New Delhi, September 22
Describing caste discrimination as a sort of permanent disadvantage, the Supreme Court on Thursday said the same can’t be said about poverty among people belonging to the general category.
Questions under consideration
1 Whether 103rd Constitution amendment Act can be said to breach basic structure of the Constitution by permitting the state to make special provisions, including reservation, based on economic criteria
2 Whether constitutional amendment could be said to breach the basic structure by permitting the state to make special provisions concerning admissions to private unaided institutions
3 Whether it can be said to breach the basic structure of the Constitution in excluding the SEBCs/OBCs, SCs/STs from scope of EWS reservation
On the sixth day of hearing on petitions challenging the 10 per cent quota for Economically Weaker Sections (EWS) in government jobs and educational institutions under the 103rd constitutional amendment, a five-judge Constitution Bench led by CJI UU Lalit said caste discrimination was something that travelled from generation to generation due to birth, but it was not the same with poverty.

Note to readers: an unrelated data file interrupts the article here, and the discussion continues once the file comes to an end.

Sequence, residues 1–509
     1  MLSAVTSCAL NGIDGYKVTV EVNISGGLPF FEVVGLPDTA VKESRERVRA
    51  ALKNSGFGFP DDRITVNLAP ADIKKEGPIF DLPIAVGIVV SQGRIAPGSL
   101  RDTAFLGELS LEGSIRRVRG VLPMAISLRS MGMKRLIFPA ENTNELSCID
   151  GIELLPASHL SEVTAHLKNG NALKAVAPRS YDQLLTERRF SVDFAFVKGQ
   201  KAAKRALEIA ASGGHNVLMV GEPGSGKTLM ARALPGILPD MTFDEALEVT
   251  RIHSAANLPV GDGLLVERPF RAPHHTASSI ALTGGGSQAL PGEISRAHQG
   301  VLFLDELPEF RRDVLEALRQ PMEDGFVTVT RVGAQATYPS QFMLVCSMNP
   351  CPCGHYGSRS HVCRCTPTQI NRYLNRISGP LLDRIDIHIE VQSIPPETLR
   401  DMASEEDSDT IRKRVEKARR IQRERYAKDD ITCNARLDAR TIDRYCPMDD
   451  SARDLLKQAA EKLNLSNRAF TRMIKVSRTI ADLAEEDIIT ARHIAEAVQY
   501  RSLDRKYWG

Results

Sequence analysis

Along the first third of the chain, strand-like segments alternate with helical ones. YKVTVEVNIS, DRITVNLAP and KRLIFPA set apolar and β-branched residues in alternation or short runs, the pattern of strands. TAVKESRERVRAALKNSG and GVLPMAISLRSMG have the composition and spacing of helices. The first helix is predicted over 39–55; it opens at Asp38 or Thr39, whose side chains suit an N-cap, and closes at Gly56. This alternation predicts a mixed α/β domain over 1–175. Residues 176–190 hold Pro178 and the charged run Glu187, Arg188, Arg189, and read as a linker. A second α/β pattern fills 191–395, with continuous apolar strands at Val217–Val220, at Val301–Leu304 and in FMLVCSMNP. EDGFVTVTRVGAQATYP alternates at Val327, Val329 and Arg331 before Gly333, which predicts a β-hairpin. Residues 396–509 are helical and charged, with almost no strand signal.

Noting that there was no anthropological study to show that poverty had been there in families of non-reserved category from generation to generation, the Bench said, "Something which is temporary in nature cannot be called to be permanent. Being born in a Scheduled Caste family is a matter of stigma, which travels generations.” Describing reservation as a tool for social upliftment, the Bench, which also included Justice Dinesh Maheshwari, Justice S Ravindra Bhat, Justice Bela M Trivedi and Justice JB Pardiwala, said was not meant for financial empowerment of individuals in any social group. “Reservation as a traditional concept is not for financial empowerment, it is for social empowerment, it is not just to improvise the economic lot or status,” said the Bench.
On behalf of EWS students, senior counsel Vibha Dutta Makhija submitted that quota on account of stark poverty was a right under Article 21 of the Constitution. "Does the Constitution want to restrict reservation only to castes? I don't think so… the founding fathers would want to expand it,” she argued.
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